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Proposed 'fuel terminal' in Dickson County fuels controversy

Dickson Fuel
Posted at 10:31 PM, Jul 02, 2020
and last updated 2020-07-02 23:31:29-04

DICKSON COUNTY, Tenn. (WTVF) — A proposal for a "fuel terminal" in Dickson County has people who live nearby concerned about the project's impact on the environment.

The facility is proposed by Titan Partners and is planned to go near the Interstate 40 and Interstate 840 interchange in Dickson County. The "fuel terminal" would pipe in fuel from the Midwest using existing pipelines, then store the fuel. Tanker trucks would transport the fuel to gas stations and other buyers across the area. David Conti, a spokesperson for Titan Partners, said the project will bring construction jobs to the county, as well as $3.2 million in property taxes over the building's first ten years. The area is currently zoned as heavy industrial.

Titan Partners has set up a website to answer questions about the project.

Once construction is complete, the facility would provide three full-time jobs, according to Titan Partners.

Some people who live nearby worry those benefits don't outweigh the risk of the fuel terminal, and have concerns about what the facility could mean for the environment in southern Dickson County.

"We don't want the pollution, we don't want the traffic, we don't want to pay taxes so they can move here," John Reuters, who lives a block away from the proposed site, said. Neighbors who spoke with NewsChannel 5 said their main concern is the area's water.

"It's only 600 yards from Nails Creek," Reuter explained. "Nails Creek feeds Turnbull Creek, and Turnbull Creek provides water for both Dickson County and Cheatham County... so if anything happens whatsoever you have multiple water companies that are going to be scrambling."

Neighbors also have concerns about noise and air pollution that could come from hundreds of tanker trucks going to and from the site on a weekly basis.

"They say there going to have 100 trucks again running 24/7," Reuter said. "I can smell the fumes already."

"Protecting the air, protecting the water, protecting the environment is a top top priority for us," Conti said. "We'll have numerous, numerous features and technologies and systems in place to ensure the clean air and clean water of Dickson County is protected.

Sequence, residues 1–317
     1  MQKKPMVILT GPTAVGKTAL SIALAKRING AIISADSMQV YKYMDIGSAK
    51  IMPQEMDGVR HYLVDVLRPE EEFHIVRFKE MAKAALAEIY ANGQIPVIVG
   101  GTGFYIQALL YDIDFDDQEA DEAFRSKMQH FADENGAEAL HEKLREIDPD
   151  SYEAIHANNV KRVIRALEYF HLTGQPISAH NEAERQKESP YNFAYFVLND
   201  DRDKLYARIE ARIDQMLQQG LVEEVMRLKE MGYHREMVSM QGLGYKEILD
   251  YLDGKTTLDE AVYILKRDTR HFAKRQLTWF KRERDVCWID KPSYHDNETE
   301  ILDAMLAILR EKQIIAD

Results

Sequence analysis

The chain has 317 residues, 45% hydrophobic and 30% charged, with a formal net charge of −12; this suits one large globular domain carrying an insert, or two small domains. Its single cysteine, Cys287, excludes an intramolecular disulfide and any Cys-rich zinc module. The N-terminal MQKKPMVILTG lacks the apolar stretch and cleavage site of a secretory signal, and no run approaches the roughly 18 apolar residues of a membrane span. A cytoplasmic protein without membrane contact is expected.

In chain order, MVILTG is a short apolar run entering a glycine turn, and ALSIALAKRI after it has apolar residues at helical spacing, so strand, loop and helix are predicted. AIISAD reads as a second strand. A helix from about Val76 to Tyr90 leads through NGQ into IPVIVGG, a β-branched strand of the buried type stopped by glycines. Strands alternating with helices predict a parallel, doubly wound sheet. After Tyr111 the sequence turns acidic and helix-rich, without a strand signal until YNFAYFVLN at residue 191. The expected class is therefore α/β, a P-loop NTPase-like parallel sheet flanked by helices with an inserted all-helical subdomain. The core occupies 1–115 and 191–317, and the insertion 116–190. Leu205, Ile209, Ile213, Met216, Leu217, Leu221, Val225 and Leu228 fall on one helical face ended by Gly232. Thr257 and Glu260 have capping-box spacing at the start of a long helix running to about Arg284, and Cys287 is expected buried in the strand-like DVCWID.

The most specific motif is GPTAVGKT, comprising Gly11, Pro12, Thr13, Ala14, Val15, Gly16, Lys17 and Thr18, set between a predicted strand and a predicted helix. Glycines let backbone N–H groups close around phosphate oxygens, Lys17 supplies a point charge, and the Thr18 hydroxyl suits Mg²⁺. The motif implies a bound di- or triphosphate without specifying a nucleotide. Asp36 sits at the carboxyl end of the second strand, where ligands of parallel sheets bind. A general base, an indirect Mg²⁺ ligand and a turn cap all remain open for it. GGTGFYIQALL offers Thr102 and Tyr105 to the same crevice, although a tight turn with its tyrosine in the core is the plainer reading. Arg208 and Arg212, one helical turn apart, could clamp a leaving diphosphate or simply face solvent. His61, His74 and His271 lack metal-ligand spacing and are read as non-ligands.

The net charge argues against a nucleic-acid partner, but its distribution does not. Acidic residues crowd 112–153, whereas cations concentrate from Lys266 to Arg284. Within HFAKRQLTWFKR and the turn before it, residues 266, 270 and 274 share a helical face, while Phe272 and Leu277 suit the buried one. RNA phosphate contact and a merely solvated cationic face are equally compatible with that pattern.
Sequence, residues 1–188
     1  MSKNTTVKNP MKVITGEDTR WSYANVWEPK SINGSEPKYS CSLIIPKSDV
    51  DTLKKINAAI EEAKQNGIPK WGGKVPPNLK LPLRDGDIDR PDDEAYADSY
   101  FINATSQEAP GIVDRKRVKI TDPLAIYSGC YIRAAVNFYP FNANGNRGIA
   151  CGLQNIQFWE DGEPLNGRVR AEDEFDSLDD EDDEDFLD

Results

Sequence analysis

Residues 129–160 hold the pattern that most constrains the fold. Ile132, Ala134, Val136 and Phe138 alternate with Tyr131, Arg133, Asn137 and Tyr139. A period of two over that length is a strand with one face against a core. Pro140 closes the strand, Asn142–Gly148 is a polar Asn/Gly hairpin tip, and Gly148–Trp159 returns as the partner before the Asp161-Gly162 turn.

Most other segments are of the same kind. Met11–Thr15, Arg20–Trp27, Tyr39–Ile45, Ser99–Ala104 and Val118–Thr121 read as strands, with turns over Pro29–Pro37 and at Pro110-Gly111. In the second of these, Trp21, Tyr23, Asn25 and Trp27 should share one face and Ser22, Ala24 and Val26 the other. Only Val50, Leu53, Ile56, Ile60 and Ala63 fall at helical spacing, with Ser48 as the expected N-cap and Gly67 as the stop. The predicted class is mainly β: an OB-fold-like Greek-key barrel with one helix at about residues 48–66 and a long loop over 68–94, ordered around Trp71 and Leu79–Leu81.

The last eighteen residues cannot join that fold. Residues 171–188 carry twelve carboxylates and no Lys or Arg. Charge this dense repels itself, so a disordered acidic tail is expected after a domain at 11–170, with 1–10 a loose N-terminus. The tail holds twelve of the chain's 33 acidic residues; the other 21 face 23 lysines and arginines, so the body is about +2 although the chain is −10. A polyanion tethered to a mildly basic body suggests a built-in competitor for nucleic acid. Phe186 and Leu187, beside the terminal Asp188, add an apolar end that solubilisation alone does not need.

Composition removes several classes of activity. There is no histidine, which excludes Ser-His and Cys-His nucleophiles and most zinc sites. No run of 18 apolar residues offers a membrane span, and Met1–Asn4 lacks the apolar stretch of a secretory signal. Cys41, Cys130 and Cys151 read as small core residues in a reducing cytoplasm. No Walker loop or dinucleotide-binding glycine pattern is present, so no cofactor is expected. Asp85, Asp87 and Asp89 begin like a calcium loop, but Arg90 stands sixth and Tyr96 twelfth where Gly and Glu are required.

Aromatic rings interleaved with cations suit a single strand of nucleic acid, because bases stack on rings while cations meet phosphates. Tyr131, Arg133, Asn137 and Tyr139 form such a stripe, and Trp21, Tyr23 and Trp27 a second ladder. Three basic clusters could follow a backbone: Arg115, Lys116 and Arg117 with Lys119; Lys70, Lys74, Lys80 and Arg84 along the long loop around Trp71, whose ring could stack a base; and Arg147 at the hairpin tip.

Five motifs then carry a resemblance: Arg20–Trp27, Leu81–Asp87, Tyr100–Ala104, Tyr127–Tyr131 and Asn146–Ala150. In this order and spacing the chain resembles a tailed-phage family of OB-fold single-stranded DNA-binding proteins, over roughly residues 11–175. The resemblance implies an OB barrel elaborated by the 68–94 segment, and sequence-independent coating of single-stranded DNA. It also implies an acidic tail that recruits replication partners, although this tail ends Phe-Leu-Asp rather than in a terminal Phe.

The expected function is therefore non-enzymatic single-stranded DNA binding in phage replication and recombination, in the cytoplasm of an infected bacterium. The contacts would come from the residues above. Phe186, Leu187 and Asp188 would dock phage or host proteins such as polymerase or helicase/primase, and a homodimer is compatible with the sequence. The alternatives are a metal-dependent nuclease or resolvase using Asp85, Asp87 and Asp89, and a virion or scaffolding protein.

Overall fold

EPA records show Buckeye Partners, the parent company of Titan Partners, has been cited dozens of times for breaking environmental regulations, racking up more than $4.7 million in fines from local, state and national agencies. The list includes violations at fuel terminals similar to the ones planned in Dickson County.

"Each incident that has happened in the past, that's something that we look to learn from, so we're coming into this with lessons learned, and the best technology at hand," Conti said .

But Reuter said lessons aren't good enough.

"They have 69 violations... and the latest one was just in April of this year, and if they continue to have violations like this, why should we believe that they’re going to make this place any better?"

Next week, the project goes in front of several different boards, commissions and committees. The marathon of meetings starts on Tuesday, when the facility has a hearing in front of the Dickson County Board of Zoning Appeals. The appeal is whether the project needs additional permits that deal with oil refineries. On Wednesday TDEC will discuss the project at an air pollution hearing. The Dickson County Planning and Zoning Committee also meets next week. A road-widening project that would happen in conjunction with the facility was scheduled to be discussed at a Dickson City Council meeting on Monday, but that has been deferred to a later meeting.